How do we get choline?
Luckily, we can get choline (in the form of lecithin), eating foods we already love. “Key sources of choline include egg yolks, shrimp, scallops, beef, peanuts, kale, cabbage, cauliflower and oats,” says Hantzos. Animals sources generally have the highest concentrations of choline, so if you’re vegan, make sure to eat plenty of cruciferous veggies such as broccoli, cabbage, Brussels sprouts, and kale. You’ll not only get your choline but cancer-fighting benefits to boot. To get more choline in your diet, reach for these foods: beef liver, 3 ounces, 356 mg., wheat germ (toasted), 1 cup, 202 mg., chickpeas (uncooked) 1 cup, 198 mg., egg (large), 147 mg., beef, 3 ounces, 97 mg., chicken breast, 3 ounces, 73 mg., salmon, (pink-canned), 3 ounces, 75 mg., Brussels sprouts, 1 cup, 63 mg., broccoli, 1 cup, 63 mg., skim milk, 8 ounces, 38 mg., peanut butter (smooth), 2 tablespoons, 20 mg. To find choline contents in a specific food, search the USDA food composition website.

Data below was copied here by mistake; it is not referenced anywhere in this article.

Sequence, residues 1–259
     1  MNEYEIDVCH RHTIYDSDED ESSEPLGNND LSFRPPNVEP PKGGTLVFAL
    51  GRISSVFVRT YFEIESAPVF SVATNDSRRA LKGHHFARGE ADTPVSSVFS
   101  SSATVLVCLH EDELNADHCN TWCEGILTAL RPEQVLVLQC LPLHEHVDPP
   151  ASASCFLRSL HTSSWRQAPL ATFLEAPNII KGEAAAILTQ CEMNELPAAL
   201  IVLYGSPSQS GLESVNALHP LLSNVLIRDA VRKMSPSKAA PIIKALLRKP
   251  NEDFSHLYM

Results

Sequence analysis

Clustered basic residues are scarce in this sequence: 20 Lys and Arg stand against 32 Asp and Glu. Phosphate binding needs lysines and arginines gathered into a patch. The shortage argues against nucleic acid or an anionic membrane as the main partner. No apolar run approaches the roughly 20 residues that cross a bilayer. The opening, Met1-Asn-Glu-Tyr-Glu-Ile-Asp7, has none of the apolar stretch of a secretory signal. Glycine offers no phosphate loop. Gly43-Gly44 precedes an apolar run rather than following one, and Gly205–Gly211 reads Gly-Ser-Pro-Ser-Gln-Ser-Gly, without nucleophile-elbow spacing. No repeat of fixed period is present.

Choline for pregnancy
Folic acid, calcium, and iron are nutrients pregnant women hear a lot about at their prenatal appointments. These nutrients are significant for baby’s growth, development, and preventing neural tube defects, which include anencephaly and spina bifida. Recent research tells us choline may be deserve more attention, however. “Pregnant women are also encouraged to take a prenatal vitamin supplement that contains choline to prevent neural tube defects, and it is also added to infant formulas for babies,” says Gisela Bouvier, RDN, owner of B Nutrition and Wellness, LLC. Research suggests adequate amounts of choline is necessary when the brain is growing and developing, for intelligence, memory, and maybe even mood regulation. Don’t miss the 9 best foods for boosting brain health.
What happens if we don’t get enough choline?
Choline deficiency can cause nonalcoholic fatty liver disease, according to a 2014 study published in Modern Nutrition in Health and Disease. “This buildup of fat in the liver could become progressively worse, potentially leading to nonalcoholic steatohepatitis, which indicates significant inflammation and liver cell damage,” says Pietro. “This also increases one’s risk for cirrhosis and liver cancer.” Make sure you know the 9 clear signs you have fatty liver disease.